Rather than fiddle with your habits and behaviors–which are obviously hard to change- why not just change the absolute number of miles you drive?

For instance, say you commute 40 minutes to work every day–and drive 40 minutes home. Maybe you could arrange a situation with your boss where you could telecommute to work two days a week. By doing that, you’d save around three hours of driving time a week. Maybe you would have driven 50 total miles during that time. So if you save 50 miles of driving a week; over a full year, you’ll save about 2,500 miles. And if your chances of getting into an accident over that 2,500 miles– which may have been 0.001% or something–are now reduced to zero percent. Extrapolate that arrangement over 50 years, and the numbers become even more favorable. 50 times 2,500 equals 125,000 miles. 0.001% of 125,000 = 1.25 crashes averted!

Of course, if you’ve already been in a crash, these words may come a day late and a dollar short. Fortunately, you can turn to the DeMayo Law team right now for effective legal guidance about how to prosecute your case, hold liable parties to account, and get fair results.

Call us now for a free consultation.

Another Anti-Distraction Tool To Avoid North Carolina Car Accidents

May 8, 2013, by Michael A. DeMayo

This Charlotte auto accident blog spends a lot of time delving into tools and concepts to help drivers regain focus behind the wheel. If you recently got hurt in a crash, you are extremely attuned to personal safety; you want to do everything in your power, going forward, to protect yourself and your family (and other people on the road).

To that end, here is another tool to put in your auto safety toolbox: safe driving apps.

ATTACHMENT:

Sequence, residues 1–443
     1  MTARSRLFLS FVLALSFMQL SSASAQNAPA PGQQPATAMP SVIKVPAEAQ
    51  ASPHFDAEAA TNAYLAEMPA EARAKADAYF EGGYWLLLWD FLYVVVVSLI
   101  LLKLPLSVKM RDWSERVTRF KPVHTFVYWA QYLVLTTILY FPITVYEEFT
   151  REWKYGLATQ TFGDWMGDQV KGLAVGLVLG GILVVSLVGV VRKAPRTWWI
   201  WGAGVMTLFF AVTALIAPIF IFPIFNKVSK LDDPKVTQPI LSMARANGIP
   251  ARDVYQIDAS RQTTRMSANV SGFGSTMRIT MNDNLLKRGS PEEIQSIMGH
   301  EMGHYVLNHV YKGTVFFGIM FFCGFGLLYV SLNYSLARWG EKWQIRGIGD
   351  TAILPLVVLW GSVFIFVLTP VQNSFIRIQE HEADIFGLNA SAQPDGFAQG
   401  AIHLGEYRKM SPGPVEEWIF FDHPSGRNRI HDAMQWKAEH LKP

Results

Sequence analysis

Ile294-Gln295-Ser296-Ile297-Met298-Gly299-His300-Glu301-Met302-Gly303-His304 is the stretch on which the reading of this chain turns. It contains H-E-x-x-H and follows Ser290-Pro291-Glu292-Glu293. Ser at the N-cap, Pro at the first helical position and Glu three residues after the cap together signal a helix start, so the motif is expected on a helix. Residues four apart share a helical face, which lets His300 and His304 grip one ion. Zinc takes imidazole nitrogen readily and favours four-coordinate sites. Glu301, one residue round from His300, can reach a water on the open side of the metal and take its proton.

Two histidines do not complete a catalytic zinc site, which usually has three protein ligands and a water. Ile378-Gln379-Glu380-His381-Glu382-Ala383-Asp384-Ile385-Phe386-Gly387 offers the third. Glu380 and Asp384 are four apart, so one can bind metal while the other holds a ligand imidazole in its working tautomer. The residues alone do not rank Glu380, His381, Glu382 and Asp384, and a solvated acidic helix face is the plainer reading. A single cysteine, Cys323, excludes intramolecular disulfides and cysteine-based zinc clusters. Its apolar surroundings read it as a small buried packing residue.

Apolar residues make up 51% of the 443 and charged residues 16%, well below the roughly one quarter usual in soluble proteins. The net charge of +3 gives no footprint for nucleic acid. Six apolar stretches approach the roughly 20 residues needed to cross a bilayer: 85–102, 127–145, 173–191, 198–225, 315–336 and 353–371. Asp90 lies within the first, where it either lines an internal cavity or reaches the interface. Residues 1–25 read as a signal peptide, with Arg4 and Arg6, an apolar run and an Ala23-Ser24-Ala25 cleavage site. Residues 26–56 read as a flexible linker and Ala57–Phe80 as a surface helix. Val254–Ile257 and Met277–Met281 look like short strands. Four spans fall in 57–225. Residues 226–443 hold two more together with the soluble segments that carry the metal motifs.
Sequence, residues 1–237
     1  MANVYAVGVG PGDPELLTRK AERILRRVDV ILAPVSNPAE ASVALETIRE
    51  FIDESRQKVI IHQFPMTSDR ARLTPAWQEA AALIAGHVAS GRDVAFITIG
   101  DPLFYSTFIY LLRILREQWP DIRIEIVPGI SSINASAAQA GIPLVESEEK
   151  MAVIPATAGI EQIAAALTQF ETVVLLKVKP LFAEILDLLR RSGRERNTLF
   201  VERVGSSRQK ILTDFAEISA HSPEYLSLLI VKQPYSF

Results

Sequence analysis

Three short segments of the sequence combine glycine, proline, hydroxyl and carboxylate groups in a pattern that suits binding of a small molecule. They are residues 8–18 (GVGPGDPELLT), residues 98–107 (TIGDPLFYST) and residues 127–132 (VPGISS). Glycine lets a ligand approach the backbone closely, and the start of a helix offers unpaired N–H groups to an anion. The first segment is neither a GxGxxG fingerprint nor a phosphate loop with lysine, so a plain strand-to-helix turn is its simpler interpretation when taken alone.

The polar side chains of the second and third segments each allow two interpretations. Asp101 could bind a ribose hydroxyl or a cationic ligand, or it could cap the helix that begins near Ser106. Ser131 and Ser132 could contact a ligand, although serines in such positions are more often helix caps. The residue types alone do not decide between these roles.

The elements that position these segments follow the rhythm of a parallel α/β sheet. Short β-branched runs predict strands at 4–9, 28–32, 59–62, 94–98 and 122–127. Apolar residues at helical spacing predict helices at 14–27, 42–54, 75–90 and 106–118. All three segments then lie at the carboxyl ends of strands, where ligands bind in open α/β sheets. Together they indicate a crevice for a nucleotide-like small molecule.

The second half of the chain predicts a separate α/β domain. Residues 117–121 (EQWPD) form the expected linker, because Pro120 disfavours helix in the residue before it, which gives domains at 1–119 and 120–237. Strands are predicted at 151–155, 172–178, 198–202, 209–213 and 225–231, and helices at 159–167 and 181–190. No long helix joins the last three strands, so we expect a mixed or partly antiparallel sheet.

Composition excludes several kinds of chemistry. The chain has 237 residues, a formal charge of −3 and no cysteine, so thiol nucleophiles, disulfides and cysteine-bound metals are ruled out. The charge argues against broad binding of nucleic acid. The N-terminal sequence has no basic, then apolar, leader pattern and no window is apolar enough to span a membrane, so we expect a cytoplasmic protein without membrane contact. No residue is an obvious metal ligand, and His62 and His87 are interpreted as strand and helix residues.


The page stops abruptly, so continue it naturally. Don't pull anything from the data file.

Browse any major app store online, and you will find dozens of really cool, innovative apps that can protect you against distracted driving. These apps can:

  • Send an automated message to anyone who text or emails you saying, in effect, “I am in a car right now and can’t talk”
  • Lock the phone so that you literally can’t receive a text or incoming email;
  • Alert parents if/when a teen chats-and-drive and ID the teen’s location via GPS;
  • Track teen driver behavior by identifying driving infractions and alerting parents.

Car safety has gotten sophisticated, thanks to GPS devices, cell phone apps, and other innovative technologies and processes. In some ways, it’s cool to think that we can use cell phone apps and software to diffuse the dangers of driver cell phone use. However, for all the marvelous techie solutions out there, you still need to maintain discipline and
focus on improving your driving habits and eliminating distractions in your life.

If you were hurt by a distracted driver in North Carolina, the team here at the Law Offices of Michael A. DeMayo can help you figure out what to do and plan your next steps. Get in touch with our team now for a free and thorough consultation.

Simple Way To Get Into A More Positive Mindset About Your North Carolina Auto Accident

May 3, 2013, by Michael A. DeMayo

You are feeling pretty grim about your North Carolina car accident. Maybe you’re still sick/injured from the grueling collision. Or maybe you’re you just psychologically devastated–it all happened so fast, and the other driver (who hit you and caused all the mayhem) seems uncooperative and unlikely to agree to pay a fair share, unless you use the